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Distributive Politics with Vote and Turnout Buying


The objective of this paper is to model the incumbent’s allocation of efforts that maximize his electoral chances in the presence of both vote buying (persuasion) and turnout buying (mobilization). The existing literature on distributive politics concludes that political candidates should concentrate their campaigning efforts either on safe districts or on swing districts. This paper shows that when candidates can use both persuasion and mobilization strategies, and the ideology of voters is unknown to the incumbent party, a third option should be taken into account. In fact, the optimal allocation of resources—rather than focusing on safe or swing districts—should target opposition strongholds, that is, the incumbent should try to sway voters in those districts in which the challenger is favored. The intuition for this result is simple. Since the incumbent does not know individual preferences (he only observes the distribution of preferences in the districts), all voters in a given district look identical to him. Hence, when approaching voters in a district to buy their vote, the incumbent always faces the risk of buying the vote of his supporters (who would have voted for him anyway).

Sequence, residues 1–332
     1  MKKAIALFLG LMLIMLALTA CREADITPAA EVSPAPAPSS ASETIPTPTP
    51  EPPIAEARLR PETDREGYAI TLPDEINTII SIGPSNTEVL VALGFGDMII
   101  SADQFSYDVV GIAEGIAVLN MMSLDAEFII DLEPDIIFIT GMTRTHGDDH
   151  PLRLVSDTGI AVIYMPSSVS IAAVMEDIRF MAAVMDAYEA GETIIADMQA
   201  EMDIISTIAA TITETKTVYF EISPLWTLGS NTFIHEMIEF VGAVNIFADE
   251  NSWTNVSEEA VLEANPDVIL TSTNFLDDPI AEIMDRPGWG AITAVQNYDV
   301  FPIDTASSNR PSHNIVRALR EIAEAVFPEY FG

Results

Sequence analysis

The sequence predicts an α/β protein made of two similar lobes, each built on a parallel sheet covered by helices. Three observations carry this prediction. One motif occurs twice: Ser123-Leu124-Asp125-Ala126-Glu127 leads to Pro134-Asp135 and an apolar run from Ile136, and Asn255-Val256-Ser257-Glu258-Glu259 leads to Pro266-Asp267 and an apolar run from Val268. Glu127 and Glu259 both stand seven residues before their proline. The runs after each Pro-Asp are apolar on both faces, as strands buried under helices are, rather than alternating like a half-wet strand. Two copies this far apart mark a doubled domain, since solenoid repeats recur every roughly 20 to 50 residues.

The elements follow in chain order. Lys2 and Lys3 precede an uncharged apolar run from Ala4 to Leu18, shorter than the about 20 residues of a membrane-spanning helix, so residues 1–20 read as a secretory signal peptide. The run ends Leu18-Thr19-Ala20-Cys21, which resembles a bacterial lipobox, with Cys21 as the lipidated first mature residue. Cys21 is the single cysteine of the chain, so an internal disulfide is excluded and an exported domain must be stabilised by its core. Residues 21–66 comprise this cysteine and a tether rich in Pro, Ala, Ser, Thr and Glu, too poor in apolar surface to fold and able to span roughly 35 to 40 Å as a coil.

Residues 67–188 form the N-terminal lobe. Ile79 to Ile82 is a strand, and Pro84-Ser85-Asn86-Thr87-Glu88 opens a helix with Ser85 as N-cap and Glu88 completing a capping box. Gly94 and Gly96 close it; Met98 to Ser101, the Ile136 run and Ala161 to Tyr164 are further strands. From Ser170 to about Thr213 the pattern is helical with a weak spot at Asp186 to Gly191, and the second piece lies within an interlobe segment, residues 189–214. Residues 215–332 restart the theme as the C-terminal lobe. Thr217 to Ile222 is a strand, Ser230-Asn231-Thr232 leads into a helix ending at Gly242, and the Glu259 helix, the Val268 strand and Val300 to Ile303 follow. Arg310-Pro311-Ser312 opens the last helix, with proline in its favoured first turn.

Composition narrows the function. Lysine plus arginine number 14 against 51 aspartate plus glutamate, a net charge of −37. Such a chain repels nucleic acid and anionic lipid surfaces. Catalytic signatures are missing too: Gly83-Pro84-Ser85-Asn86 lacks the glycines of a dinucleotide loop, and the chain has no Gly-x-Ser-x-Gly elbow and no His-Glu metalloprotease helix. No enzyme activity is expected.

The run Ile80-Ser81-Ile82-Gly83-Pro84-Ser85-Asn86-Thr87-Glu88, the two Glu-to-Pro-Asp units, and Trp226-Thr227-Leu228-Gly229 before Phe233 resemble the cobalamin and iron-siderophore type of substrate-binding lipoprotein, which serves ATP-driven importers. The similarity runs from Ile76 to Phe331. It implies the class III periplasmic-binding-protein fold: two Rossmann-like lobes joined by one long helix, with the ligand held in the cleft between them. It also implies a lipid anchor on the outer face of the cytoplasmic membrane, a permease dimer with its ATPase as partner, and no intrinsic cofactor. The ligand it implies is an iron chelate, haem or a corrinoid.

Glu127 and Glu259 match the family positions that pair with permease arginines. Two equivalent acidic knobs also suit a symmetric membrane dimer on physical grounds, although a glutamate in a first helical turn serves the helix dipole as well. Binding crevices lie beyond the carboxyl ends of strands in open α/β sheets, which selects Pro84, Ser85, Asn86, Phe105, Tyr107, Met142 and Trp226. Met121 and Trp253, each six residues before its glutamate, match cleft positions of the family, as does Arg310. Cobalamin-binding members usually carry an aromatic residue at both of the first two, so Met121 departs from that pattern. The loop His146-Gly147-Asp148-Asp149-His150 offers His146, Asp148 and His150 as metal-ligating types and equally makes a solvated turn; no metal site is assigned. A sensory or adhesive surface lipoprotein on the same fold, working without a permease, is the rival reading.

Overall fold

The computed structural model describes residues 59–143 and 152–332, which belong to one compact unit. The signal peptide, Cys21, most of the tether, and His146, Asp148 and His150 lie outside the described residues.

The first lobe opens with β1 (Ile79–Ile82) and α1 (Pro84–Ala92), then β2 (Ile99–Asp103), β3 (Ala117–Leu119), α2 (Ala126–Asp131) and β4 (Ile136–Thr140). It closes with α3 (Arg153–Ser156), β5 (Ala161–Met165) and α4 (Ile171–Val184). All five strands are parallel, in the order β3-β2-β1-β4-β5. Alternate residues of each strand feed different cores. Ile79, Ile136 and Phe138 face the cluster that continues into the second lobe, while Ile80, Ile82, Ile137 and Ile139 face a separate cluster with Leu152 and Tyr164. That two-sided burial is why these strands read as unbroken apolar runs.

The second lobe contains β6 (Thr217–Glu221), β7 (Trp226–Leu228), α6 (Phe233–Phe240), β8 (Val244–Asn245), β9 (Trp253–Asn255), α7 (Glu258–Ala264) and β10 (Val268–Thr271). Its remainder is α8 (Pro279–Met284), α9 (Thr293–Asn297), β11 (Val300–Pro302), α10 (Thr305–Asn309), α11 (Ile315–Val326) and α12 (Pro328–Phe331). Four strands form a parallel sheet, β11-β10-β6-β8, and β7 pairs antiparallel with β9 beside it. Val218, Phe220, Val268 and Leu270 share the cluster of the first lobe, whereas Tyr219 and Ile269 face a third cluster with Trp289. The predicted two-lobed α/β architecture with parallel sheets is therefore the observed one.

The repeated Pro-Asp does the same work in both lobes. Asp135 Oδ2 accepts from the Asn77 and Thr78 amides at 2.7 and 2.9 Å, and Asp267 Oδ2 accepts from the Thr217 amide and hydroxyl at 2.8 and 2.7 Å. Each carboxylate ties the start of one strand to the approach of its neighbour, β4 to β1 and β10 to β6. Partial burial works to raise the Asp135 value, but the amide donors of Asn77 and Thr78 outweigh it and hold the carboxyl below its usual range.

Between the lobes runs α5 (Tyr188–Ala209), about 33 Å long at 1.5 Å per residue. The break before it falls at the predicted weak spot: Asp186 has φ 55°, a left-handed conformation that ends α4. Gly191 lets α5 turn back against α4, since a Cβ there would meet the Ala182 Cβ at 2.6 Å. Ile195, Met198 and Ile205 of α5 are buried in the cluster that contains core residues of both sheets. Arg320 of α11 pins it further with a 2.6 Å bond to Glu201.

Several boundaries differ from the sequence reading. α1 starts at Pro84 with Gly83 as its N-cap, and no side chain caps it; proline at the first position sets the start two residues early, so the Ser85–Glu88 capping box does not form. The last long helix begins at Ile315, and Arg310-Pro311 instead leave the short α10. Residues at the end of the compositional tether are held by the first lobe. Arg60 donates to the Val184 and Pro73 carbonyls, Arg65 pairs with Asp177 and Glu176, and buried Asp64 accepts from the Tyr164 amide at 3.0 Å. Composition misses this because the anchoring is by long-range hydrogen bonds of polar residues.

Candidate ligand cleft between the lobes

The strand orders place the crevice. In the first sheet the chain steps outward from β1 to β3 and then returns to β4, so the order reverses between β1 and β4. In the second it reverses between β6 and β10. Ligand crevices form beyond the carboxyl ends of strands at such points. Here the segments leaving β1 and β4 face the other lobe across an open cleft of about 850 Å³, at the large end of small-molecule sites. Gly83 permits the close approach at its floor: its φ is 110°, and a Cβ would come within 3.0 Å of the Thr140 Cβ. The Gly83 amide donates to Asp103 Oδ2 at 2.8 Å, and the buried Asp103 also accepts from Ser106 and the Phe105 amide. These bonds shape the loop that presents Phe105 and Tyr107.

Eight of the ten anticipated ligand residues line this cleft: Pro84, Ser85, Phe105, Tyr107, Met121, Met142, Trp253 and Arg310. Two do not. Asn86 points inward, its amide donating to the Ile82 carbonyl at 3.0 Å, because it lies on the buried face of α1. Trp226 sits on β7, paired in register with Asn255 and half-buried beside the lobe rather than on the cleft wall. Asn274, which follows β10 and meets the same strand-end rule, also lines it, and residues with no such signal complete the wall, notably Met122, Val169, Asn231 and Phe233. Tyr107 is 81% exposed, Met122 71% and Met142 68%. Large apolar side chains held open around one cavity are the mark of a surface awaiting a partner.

Corresponding author
Agustin Casas is an Assistant Professor at Colegio Universitario de Estudios Financieros (CUNEF), Calle Leonardo Prieto Castro, 2, Madrid, 28040, Spain (
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I am grateful to David Austen-Smith and Steve Callander, who were very patient at the early stages of this project. I also thank Bard Harstad, Antoine Loeper and Andrea Mattozzi and seminar and conference participants at several institutions for useful comments and suggestions. I also benefited greatly from the comments of three anonymous referees and the editor. All possible remaining errors are my own.

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American Political Science Review
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